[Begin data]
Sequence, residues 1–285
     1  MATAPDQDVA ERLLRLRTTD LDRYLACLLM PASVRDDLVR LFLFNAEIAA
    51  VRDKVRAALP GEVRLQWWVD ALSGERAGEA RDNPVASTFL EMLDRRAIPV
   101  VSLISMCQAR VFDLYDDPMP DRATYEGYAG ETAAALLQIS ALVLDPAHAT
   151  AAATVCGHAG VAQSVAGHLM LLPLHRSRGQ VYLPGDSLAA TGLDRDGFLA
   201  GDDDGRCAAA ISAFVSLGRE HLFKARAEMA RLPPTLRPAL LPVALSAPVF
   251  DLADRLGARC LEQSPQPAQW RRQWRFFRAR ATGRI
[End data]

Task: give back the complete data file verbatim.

Sequence, residues 1–285
     1  MATAPDQDVA ERLLRLRTTD LDRYLACLLM PASVRDDLVR LFLFNAEIAA
    51  VRDKVRAALP GEVRLQWWVD ALSGERAGEA RDNPVASTFL EMLDRRAIPV
   101  VSLISMCQAR VFDLYDDPMP DRATYEGYAG ETAAALLQIS ALVLDPAHAT
   151  AAATVCGHAG VAQSVAGHLM LLPLHRSRGQ VYLPGDSLAA TGLDRDGFLA
   201  GDDDGRCAAA ISAFVSLGRE HLFKARAEMA RLPPTLRPAL LPVALSAPVF
   251  DLADRLGARC LEQSPQPAQW RRQWRFFRAR ATGRI